worst of the ecclesiastics. bribes in abundance from all who would bestow them, and of course I was the suffering victim of such corruption. However, when all other sources failed, I wrote to the Emperor, and fortunately obtained from him the privilege of being tried by a secular and civil jury. This was indeed a great privilege, and a privilege that saved me from falling into the arms of death. Of course before such jury, where I was examined, there would be nothing proved against me, except that I was an "apostate' and "heretic." The offence of apostatizing is as yet punishable by civil law in this country, but I being an American subject, and having apostatized in America, there was no statute in the Imperial laws to punish foreign apostates, so that I was at last set free to the great disgust and disappointment of my enemies; so in my daily work of writing and promulgating the heavenly doctrines of the New Jerusalem, I meet them face to face a free man. I have had two public oral controversies, which caused no little disappointment to the devotees of the Romish doctrines; as for writing for the press it appears to be not allowable. I suppose you are acquainted with the abuse and slander that I have suffered and do suffer daily from the press, as the organ of civilization; but it is by no means civilized in my behalf, and hence is the most uncivilized weapon that could be put in the hands of Brazilians. I will not try your patience any longer with this subject, for I take it almost for a certainty that my name is, I grieve to think, sufficiently known to you all without enlarging its circulation myself-not known, I thank the Lord, as the name of an evil-doer, but as the name of one suffering for the truth and the dictates of conscience. Nevertheless the majority of Brazilians are accustomed to execrate me in no measured terms, always with the title of " apostate and "heretic.' I was not a little amused on the morning of the 1st inst. to see a very large portion of the ecclesiastical part of the community, remarkable for their immorality and ignorance, so stupid and intolerant as to have me burnt in effigy before my face. The cause of this nonsensical overflow of vengeance was that the Governmental organ of this city de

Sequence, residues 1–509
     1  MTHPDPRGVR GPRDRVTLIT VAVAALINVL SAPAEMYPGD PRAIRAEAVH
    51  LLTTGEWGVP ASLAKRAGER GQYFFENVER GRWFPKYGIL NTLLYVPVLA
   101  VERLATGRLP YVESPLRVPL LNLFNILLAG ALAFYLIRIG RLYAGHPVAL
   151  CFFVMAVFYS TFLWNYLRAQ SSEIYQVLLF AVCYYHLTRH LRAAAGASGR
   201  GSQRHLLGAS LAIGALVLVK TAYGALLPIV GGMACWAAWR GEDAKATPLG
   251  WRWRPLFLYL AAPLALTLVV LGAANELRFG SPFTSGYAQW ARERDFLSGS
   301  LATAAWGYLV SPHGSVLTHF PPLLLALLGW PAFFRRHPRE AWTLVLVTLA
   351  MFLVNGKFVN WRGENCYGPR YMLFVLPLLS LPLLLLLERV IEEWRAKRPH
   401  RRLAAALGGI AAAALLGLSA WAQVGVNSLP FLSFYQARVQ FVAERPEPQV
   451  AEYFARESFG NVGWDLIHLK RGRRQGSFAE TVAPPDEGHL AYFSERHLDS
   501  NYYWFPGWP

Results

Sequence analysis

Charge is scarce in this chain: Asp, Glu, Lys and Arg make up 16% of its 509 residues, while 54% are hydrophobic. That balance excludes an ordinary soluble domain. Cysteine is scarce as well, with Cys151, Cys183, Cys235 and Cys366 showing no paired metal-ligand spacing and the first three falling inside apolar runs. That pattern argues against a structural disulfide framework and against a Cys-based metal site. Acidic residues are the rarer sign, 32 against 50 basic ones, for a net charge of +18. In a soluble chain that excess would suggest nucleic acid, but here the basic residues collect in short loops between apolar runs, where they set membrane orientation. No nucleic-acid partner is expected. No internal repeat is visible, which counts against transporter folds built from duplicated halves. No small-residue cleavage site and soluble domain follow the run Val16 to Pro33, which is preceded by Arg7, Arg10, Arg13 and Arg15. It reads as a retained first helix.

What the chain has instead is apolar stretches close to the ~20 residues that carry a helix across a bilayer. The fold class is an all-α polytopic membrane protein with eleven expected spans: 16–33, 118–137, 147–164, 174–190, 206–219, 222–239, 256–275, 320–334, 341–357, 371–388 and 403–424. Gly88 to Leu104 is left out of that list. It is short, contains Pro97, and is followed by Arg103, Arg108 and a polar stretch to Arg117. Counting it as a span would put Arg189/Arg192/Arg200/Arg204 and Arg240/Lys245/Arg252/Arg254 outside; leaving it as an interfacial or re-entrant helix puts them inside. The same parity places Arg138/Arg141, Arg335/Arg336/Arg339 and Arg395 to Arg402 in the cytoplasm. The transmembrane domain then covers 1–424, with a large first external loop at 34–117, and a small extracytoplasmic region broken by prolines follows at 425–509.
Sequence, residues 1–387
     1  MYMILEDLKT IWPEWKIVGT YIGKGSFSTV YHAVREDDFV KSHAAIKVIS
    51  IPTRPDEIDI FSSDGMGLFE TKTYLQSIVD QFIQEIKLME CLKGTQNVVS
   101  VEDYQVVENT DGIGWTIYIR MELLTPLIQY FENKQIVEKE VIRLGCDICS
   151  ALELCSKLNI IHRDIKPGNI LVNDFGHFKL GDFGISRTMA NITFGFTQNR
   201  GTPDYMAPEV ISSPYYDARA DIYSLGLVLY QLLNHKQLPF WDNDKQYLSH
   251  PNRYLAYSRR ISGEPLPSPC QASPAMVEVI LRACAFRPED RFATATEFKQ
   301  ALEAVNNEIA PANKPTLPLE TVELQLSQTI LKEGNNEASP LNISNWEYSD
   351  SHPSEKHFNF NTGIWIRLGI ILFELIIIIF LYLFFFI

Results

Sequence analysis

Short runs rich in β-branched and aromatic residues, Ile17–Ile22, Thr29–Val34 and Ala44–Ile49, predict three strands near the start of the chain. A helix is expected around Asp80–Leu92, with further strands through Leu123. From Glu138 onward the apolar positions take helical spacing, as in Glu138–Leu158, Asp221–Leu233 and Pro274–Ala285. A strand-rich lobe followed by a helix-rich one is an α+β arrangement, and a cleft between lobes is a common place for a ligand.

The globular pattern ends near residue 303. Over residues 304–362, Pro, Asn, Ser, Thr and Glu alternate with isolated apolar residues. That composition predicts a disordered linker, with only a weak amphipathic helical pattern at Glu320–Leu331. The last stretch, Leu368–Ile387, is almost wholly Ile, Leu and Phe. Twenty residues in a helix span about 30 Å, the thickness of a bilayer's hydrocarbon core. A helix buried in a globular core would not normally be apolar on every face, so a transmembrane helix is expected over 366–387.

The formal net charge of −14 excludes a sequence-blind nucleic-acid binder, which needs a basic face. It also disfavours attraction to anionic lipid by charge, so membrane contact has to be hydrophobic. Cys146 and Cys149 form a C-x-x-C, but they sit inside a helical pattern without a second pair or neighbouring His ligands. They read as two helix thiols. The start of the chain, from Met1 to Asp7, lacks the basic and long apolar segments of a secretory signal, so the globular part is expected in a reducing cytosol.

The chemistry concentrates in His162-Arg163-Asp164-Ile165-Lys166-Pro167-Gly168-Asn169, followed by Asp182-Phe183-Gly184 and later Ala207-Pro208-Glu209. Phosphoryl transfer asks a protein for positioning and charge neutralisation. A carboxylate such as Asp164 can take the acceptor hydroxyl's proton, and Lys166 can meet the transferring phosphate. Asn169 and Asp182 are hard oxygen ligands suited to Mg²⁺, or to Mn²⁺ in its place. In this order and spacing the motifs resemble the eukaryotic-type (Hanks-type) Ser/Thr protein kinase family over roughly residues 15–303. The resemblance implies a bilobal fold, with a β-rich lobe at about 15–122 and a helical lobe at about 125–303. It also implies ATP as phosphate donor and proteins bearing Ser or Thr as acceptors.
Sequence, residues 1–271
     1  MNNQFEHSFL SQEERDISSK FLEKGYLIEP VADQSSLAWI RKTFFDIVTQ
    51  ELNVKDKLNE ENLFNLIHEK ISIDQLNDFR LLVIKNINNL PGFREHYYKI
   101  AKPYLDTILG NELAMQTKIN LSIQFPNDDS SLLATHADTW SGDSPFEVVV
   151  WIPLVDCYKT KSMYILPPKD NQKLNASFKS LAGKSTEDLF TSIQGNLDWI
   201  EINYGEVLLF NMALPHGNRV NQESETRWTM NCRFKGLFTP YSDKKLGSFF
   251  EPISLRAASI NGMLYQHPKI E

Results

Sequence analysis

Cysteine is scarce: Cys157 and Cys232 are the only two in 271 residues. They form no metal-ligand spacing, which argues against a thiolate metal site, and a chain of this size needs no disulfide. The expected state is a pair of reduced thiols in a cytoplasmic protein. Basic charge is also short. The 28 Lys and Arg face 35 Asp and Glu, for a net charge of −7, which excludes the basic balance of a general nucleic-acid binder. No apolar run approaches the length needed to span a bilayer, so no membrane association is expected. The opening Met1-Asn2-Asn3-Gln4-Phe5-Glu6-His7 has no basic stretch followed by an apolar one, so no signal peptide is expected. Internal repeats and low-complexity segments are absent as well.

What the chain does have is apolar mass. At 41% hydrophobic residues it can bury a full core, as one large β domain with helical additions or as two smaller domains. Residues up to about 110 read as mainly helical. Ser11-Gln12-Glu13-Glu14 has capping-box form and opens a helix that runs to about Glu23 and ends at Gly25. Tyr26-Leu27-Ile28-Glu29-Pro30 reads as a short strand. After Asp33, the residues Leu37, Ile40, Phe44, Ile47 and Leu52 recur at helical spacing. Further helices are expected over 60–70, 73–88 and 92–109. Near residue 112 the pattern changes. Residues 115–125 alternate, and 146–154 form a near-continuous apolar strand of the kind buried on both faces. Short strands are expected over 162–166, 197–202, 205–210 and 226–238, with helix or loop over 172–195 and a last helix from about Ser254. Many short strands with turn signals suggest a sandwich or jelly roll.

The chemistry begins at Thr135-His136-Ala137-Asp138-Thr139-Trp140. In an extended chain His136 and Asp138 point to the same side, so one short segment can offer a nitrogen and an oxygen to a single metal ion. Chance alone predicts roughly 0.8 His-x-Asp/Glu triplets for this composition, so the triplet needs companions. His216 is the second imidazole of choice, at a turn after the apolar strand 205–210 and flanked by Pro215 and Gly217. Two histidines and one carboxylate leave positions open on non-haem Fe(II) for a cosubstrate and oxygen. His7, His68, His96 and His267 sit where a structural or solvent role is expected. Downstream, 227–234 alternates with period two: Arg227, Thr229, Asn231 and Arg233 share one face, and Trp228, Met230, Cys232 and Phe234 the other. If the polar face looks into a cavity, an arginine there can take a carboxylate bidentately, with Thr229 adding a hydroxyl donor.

clared me the day before to be innocent of all accusations brought against me, and that thenceforward I should be treated as any other citizen. Prior to this declaration, the clergy imagined that they would succeed to have me burned in reality; failing in their project, they resorted to the above-named manner of discharging an overwhelming load of revenge and hatred of their hearts. The wooden image was robed in what I once used when a Roman envoy in this city. The remains of this wooden envoy were offered to the Virgin Mary, asking her forgiveness, when they could not succeed in offering the original. Thus ended the pleasant yet painful morning of the 1st of May. The people, indeed, seem to think that I am the forerunner of some great calamity or other, and would willingly repeat the process of the 1st inst., with the slight yet important alteration of inserting my real person instead of the mock one. The Government officials stigmatize me in language that would only be applicable to the inventor and introducer into this country of the "vomito or some other deadly epidemic, and are always so condescending as to forward me a copy of their proceedings. The pulpits that were for many years dumb now thunder against me, and seem to have not the slightest hesitation of making me the subject of a special diatribe. In a word, my own conscience is the only one that has not raised upon me the cruellest reproaches, the vilest accusations. I dwell on this subject for the purpose of informing you how I am situated, and to elicit from your Society a fervent prayer for the conversion, and I may add the civilization of Brazil. As for my own safety I care but little; I should willingly shed my blood in defence of our glorious and heavenly Church if it were necessary. My sufferings are great, both physical and mental, arising from the fact that although I endure great persecutions, yet I do not succeed in turning many from their evil doings; however, I am not dismayed. I am obliged